Camel has introduced a line of smokeless tobacco orbs, sticks and strips, which are finely milled tobacco and look like toothpicks, mints or breath strips. They dissolve in your mouth and are packaged to look like a container of breath mints or a small cell phone.
These products are discreet, addictive and attract young customers.
Barred from advertising cigarettes on television, tobacco companies still spend $12.8 billion a year marketing a new generation of tobacco products. Some legislative efforts in Minnesota are trying to restrict those products, including Snus, a smokeless, spitless tobacco product advertised to traditional chewers and younger people, according to anti-tobacco groups.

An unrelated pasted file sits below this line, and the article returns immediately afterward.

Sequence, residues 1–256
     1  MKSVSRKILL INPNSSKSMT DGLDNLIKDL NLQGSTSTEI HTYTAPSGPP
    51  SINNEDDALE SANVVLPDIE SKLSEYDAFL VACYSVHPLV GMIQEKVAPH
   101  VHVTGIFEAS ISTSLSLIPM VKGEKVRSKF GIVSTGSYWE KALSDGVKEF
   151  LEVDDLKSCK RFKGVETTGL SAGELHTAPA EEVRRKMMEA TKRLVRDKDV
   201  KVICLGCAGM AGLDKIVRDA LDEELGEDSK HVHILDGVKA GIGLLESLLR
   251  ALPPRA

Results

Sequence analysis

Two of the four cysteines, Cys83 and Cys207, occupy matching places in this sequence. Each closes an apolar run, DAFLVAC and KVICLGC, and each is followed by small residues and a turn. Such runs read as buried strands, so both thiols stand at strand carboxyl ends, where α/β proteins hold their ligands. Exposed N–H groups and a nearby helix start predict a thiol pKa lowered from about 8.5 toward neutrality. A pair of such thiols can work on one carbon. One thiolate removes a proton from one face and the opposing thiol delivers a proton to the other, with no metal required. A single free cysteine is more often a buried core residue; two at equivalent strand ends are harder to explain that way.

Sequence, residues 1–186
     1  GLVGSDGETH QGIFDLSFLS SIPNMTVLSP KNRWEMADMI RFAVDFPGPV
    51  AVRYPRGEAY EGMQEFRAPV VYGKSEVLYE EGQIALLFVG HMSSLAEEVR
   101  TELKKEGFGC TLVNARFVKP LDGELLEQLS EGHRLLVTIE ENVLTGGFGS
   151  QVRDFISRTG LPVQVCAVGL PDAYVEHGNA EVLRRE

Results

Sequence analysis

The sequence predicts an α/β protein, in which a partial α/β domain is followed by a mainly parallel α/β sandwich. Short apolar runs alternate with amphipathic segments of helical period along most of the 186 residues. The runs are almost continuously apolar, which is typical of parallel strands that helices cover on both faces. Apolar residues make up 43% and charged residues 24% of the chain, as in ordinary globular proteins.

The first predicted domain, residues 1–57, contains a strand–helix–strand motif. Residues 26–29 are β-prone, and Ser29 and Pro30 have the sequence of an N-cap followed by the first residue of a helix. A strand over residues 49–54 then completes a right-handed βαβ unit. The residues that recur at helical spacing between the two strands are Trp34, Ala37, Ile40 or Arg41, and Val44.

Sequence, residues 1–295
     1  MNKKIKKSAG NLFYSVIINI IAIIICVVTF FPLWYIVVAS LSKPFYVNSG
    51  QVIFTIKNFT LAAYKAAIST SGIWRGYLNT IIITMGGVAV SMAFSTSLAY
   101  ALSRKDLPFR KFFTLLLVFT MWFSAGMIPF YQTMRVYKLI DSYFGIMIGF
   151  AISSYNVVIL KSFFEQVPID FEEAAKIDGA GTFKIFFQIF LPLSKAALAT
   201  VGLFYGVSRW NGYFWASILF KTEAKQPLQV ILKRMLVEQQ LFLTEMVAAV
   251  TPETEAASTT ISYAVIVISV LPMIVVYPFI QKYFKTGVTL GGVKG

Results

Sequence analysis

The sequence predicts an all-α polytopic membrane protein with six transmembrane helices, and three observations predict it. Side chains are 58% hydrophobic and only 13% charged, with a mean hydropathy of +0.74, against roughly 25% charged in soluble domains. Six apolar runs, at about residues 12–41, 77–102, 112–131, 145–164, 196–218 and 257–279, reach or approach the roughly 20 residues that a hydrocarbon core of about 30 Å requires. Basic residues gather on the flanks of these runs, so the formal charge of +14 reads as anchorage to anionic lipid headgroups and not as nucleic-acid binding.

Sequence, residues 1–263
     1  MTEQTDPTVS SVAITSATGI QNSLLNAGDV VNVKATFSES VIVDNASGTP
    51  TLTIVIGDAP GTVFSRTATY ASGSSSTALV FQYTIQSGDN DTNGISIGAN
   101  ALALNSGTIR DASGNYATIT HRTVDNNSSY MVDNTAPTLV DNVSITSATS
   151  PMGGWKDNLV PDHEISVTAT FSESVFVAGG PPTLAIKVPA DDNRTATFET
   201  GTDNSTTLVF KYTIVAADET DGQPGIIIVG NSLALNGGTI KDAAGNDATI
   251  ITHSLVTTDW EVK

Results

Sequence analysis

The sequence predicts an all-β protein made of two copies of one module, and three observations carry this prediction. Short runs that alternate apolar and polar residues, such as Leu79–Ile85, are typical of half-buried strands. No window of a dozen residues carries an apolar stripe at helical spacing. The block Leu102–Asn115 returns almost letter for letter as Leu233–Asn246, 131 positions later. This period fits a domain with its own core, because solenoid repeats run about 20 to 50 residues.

Campaigns against tobacco use by teens have nearly halved the percentage of North Dakota high school students who report smoking cigarettes, from 40.6 percent in 1999 to 21.1 percent in 2007, according to the state Health Department’s Division of Tobacco Prevention and Control.
But the percentage of students in grades 9 through 12 who report using “spit tobacco,” after falling from 15.1 percent in 1999 to 10.3 percent in 2003, appears to be on a slight uptick.
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